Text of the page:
She explains: ” The impulse to share food is basic and ancient, and it’s no wonder the old stories teach that what you give to a stranger, you give to God. When I first read about the Prophet Elijah – who was fed in the desert by ravens and in the village of Zarephath by a starving widow – I suddenly got a picture of that story, repeated over and over, tumbling down through thousands of years, repeating at every turn: That’s like the time we found fruit in the forest. That’s like the woman who made me tea in the town. The fact is, people feed one another constantly from their own bodies, their own plates, their own inadequate stores of insufficient food. Food is what people have in common, and it is, precisely, common (49).”

I love this description of the same story spilling down through time. How do each of us participate in that unfolding story of feeding and being fed?

Now we can talk about literal food, and I think we should because it is a beautiful and important daily practice. But we should also be open to discussing food as metaphor, because language about hunger can express other visceral needs. As a wise bishop tells Sara, “There’s a hunger beyond food that’s expressed in food, and that’s why feeding is always a kind of miracle(23).”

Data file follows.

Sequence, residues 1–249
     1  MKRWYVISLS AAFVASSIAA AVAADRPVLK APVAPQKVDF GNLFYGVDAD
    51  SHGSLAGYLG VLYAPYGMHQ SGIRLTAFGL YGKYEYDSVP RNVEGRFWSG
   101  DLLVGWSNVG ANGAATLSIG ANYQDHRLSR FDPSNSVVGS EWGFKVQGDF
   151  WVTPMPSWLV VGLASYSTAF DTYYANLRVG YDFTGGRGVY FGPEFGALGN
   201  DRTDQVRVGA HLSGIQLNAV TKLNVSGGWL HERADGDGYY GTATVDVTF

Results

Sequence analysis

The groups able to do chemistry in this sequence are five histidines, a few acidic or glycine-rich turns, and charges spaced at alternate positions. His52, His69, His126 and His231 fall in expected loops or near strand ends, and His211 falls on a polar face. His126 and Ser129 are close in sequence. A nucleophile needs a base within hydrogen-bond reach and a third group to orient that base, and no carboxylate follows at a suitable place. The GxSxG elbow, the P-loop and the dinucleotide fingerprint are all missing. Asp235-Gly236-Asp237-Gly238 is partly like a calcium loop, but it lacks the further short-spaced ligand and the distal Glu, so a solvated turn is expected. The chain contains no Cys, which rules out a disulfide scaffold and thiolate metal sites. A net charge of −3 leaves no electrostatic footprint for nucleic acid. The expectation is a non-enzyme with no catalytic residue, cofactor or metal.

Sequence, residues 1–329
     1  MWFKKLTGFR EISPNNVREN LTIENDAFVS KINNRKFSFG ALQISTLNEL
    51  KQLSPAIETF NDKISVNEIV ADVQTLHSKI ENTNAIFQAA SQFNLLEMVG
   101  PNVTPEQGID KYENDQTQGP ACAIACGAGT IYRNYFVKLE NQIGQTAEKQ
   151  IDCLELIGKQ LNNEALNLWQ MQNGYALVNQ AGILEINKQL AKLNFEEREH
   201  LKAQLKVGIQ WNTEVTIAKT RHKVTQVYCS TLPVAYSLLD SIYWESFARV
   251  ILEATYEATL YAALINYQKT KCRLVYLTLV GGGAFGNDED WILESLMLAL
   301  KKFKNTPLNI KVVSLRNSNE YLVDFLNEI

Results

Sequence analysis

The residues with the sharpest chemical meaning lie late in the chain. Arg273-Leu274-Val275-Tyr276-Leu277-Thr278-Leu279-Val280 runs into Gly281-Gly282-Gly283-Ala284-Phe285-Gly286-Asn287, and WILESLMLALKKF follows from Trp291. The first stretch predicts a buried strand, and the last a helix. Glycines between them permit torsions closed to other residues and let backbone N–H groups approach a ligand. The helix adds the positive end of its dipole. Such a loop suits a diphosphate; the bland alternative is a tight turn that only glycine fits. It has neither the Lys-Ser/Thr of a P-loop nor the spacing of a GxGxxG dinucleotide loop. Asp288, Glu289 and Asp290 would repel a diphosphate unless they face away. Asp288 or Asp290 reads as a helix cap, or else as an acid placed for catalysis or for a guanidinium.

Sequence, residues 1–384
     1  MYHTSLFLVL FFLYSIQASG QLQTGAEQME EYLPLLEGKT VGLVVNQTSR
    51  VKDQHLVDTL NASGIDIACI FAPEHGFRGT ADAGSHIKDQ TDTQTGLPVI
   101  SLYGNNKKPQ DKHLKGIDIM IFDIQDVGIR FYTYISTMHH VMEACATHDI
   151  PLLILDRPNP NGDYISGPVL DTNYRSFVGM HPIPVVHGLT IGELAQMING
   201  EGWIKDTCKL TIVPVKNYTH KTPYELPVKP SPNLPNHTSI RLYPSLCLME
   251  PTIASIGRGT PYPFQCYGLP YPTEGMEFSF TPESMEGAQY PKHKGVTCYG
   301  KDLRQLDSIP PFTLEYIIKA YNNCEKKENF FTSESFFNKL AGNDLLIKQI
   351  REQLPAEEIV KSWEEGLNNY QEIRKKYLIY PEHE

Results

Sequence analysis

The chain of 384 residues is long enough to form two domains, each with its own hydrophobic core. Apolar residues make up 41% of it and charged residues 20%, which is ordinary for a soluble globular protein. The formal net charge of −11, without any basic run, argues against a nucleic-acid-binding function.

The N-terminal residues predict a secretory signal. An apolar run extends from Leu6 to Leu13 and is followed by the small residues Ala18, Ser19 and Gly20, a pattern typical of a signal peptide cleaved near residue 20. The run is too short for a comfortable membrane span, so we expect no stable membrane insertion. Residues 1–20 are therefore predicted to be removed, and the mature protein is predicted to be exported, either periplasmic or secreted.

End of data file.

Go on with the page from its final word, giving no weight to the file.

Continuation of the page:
What lines can be drawn between the disparate dots of one life when it seems that we just really don’t cohere? And what and who feeds us as we figure the rest of it out?

For me it is hanging with my fam, tasty green smoothies, and time spent reading on my porch. What is feeding you? I know for Paul and others it is music, both creating and consuming it. I also think of Genny and her long-distance running out on Katy trail, Janie growing her radish tops and Ross hanging out with his boys. Some of you I am just getting to know what feeds you, and I’m interested to hear more of your stories. For there is a collective wisdom in all of our stories of where and how we are fed which function like a map in the wilderness. Which is why it is good to tell these stories and listen carefully to one another. I’m full of quotes this week. In my Monday slump Richie shared this one with me from a career coach he worked with in Boston: “Don’t try to figure out what the world needs. Figure out what makes you come fully alive. Because what the world needs are people who have come fully alive.”

Sara Miles is on that journey toward ALIVENESS. And it turns out it is the same journey we all share, and thankfully one that is full of places to share some fish over a campfire along the way. I invite you to join us tonight for Asian fare at the Semrad’s 108 S. Rosemont. Drinks and desserts always welcome. We will also have copies of take this bread available to buy.

Peace, Courtney PS if you didn’t see the Eastertide prayer flags raised on Sunday be sure to come to worship in the next few weeks as we celebrate that our Good Friday prayers of longing and desire have been transformed into symbols of hope and beauty.